Batman: The Adventures Continue #6
Writer: Paul Dini, Alan Burnett
Artist: Ty Templeton
The adventures continue with Alfred telling more of Jason Todd’s backstory. I’d enjoyed the new aspects of the classic backstory which Dini and Burnett introduced the last issue. Todd was still the criminal who Batman took under his wing. The use of a Red Hood gang was a nice way to set up his masked identity as an adult. This issue focuses entirely on expanding on that origin so let’s get into it.
Alfred tells Tim Drake, the current Robin of how Jason went from an angry kid sidekick to a murderous vigilante. It’s interesting to see and there’s a ton of Batman villains throughout the flashbacks. It’s believable that Jason committed violent actions like these behind Batman’s back. It never feels out of character for the Red Hood we’ve seen in this series or any other.
Eventually, we get what we knew was coming. The Joker and the crowbar. This segment is done well too with a Harley reluctant to kill Jason deciding to help Batman find his sidekick. It shows dissent in her relationship with Joker which could be future story fodder. An eight-issue has been announced which centers on Harley and Ivy. Hopefully, we’ll see more of this series. The death scene is the only thing I felt unsure about. Jason tries convincing Batman that he’s dying and he should kill Joker for it.
It all seemed like something that’d have been more impactful at the climax of this story. I get the sense this scene will repeat by the end of the series. Previous adaptations of the story had Jason confronting Batman about not killing the Joker over his murder. If this series does the same then that scene may lose some oomph due to this flashback.
Art continues to look fantastic as always. The colours are vibrant but still have a darker look to them during the flashbacks. It helps Jason’s tale feel darker and more gritty than usual Batman animated stories. There are some inconsistencies though. Penguin was shown in issue #4 with the short, skinnier look and square nose. This issue shows Jason fighting a Penguin with the classic obese, somewhat tall look and hooked pointy nose. It’s a little thing but it bugged me a bit that they didn’t stick with the design the series established.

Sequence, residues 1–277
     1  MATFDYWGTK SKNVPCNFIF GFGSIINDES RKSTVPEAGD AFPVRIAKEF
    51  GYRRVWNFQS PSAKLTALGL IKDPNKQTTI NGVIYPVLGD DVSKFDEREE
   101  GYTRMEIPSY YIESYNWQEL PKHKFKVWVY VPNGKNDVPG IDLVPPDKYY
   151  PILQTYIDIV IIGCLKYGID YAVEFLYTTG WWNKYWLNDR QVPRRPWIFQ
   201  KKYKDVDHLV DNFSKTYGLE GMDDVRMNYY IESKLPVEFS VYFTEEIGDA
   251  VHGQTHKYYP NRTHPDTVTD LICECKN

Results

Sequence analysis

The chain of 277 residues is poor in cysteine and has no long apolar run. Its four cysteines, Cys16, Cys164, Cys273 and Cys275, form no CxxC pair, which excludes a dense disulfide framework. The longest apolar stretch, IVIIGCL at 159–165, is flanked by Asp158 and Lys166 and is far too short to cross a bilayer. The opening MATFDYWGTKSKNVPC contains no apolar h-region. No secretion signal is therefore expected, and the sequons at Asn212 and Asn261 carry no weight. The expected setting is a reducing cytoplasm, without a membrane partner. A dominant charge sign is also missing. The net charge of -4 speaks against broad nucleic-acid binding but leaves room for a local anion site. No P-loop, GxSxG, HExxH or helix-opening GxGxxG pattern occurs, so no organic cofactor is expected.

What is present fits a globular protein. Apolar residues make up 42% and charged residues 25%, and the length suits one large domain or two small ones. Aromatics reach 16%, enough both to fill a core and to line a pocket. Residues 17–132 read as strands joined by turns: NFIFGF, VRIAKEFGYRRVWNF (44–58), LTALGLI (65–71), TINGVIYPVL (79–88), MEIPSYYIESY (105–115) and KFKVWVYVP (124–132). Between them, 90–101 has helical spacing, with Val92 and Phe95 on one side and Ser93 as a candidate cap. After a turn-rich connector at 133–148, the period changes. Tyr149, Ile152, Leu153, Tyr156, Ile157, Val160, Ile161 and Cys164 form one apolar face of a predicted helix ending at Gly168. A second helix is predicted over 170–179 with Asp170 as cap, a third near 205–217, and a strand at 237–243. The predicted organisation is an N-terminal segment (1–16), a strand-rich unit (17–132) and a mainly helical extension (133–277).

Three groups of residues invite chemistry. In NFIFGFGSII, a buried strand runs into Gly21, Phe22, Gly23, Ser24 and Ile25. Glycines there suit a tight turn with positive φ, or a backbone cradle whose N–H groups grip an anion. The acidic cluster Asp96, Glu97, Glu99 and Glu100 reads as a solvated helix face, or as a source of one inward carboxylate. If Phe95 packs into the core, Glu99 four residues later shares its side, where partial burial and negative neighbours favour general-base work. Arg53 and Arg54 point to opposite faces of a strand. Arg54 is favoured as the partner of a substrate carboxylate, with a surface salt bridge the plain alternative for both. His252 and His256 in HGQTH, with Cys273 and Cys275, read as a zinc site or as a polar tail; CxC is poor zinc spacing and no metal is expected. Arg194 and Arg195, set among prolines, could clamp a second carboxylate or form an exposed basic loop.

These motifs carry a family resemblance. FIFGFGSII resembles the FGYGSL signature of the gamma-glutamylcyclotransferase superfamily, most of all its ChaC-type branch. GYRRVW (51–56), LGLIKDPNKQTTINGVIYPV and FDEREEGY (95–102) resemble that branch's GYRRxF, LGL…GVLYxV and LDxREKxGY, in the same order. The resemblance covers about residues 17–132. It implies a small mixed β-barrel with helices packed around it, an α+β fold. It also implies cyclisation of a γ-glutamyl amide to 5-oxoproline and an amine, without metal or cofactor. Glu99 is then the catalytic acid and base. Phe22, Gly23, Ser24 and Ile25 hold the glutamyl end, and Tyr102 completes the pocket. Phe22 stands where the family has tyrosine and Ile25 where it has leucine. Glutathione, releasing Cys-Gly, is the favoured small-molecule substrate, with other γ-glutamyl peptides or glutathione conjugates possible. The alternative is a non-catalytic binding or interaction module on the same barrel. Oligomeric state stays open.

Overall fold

Lettering is solid throughout. Lots of nice sound effects to give the moments of action more weight. It’s fairly standard in this issue but that’s not a bad thing. The bold text during dialogue and a unique speech bubble near the end adds a lot of impact to the story. It may not be extremely creative or experimental but it does the job and doesn’t distract from the story.
Overall, this is another great chapter in Dini and Burnett’s revival of the Batman Animated series comics. It doesn’t stand alone because it’s still the second half of an origin story but it’s still a good read. The writing is handled well, Templeton mostly does a great job on the art, I don’t really have any complaints. There’s a nice ending that sets up the final segment of the story in the next issue too. If you’ve been enjoying this series you should enjoy this. I was curious about how they’d handle the death aspect of the origin. Aside from that one complaint I made about it, I felt it was done well and I’d recommend this issue.
Batman: The Adventures Continue #6
This continues to be a well-written re-telling of Jason Todd's origin. It's respectful to the original stories where he reappeared as the Red Hood but manages to stand on it's own at the same time. The writing of the characters, Alfred, Tim Drake, Dr Thompkins, Batman and Jason is all spot-on. The art has some imperfections but it's still great for the most part and the lettering is solid. Not as accessible as previous issues have been but still worth a read.